Houston Forward Times

21 April 2014 Written by  Forward Times

Black Unemployment Rate Climbs to 12.4 Percent

 

Jobless rate down for Black men, but up for Black women. African-American jobless rate is much higher than other racial and ethnic groups

 

   

The nation's nonfarm businesses hired 192,000 workers in March, but the overall seasonally adjusted unemployment rate for African Americans rose to 12.4 percent compared to 12 percent in February, the U.S. Bureau of Labor Statistics reported Friday morning.  The jobless rate for Black men 20 years old and old was 12.1 percent in March compared to 12.9 percent in February. The seasonally adjusted unemployment rate for black women 20 years old and older, however, rose to 11.0 percent in March compared to 9.9 percent in February, BLS reported.


 Although the jobless rate for black men dropped in February, the unemployment rate for African Americans exceeds all the other major worker groups except teen agers 16 to 19 years old, which was 18.3 percent in March the same as February.

 The seasonally adjusted unemployment rate for white men 20 years old and older was 5.3 percent in March compared to 5.5 percent in February. The jobless rate for white women was 5.3 percent in March, up from 5.1 percent in February.

 The unemployment rate for Hispanics continues to decline, according to BLS.  The unemployment rate was 7.9 percent in March compared to 8.1 percent in February.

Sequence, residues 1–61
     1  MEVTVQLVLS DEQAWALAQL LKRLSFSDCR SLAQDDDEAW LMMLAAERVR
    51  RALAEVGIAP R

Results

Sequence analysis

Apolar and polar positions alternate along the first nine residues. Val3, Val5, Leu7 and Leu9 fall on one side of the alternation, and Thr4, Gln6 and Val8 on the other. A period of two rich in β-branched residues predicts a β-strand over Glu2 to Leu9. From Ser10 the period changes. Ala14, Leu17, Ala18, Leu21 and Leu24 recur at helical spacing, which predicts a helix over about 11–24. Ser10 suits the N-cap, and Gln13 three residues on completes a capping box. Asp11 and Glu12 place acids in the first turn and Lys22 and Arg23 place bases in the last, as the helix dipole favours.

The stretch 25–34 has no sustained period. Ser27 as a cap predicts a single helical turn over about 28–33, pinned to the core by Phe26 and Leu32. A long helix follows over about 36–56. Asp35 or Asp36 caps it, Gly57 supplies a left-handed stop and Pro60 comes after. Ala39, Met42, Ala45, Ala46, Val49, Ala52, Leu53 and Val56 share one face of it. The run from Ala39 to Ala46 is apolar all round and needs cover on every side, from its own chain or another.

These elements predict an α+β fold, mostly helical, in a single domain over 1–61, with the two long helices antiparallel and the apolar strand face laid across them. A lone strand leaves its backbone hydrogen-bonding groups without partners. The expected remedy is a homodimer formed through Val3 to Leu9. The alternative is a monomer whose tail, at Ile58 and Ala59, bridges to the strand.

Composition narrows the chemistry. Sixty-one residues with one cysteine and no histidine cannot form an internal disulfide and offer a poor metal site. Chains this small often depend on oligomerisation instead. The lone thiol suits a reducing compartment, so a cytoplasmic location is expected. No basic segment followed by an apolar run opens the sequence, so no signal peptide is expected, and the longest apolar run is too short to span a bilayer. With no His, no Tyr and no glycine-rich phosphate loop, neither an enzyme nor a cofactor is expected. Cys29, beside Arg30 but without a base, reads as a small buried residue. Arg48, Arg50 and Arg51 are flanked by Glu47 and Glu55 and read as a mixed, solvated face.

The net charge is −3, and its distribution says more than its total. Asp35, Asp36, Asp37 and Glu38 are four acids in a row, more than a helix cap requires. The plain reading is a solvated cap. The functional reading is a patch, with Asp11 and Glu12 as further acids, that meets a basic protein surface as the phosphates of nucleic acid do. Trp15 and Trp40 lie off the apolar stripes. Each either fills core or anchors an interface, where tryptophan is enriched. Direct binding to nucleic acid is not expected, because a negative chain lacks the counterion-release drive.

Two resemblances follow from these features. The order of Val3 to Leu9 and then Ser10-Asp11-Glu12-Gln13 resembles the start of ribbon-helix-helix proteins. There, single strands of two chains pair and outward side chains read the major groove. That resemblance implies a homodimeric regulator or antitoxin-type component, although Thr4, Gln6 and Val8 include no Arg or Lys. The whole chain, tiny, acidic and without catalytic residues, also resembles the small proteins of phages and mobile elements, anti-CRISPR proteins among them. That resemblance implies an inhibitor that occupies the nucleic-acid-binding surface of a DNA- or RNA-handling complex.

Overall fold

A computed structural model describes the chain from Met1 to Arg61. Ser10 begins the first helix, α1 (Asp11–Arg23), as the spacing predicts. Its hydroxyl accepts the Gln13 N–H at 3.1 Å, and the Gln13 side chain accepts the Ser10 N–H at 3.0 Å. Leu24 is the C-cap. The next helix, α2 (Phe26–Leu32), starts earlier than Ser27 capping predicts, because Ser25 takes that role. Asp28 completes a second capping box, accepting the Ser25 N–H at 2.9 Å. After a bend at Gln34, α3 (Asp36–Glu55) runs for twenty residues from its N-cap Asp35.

The Asian unemployment rate, which was not seasonally, was 5.4 percent in March compared to 6.0 percent in February.

 The Bureau of Labor Statistics did not provide an explanation as to why the jobless rate increased for blacks overall, but Dr. Heidi Shierholz, a labor force participation economist for the Economic Policy Institute, a non-partisan think tank based in Washington, D.C., gave an explanation.
 "The increase was entirely among women.  But this is one of those cases where I wouldn’t make much of it, because there is so much month-to-month volatility. I don’t think the labor market for black workers is deteriorating right now, but it is getting better very, very slowly," Dr. Shierholz said.
 The number of unemployed persons was unchanged at 10.5 million and the unemployment rate remained at 6.7 percent.  The number of long-term unemployed or those out work 27 weeks or more was 3.7 million and there were 698,000 discouraged workers in March, which was slightly down from a year ago.
 The Bureau of Labor Statistics reported that construction, food services and drinking places, health care, mining, logging, professional business services, architectural and engineering services added jobs.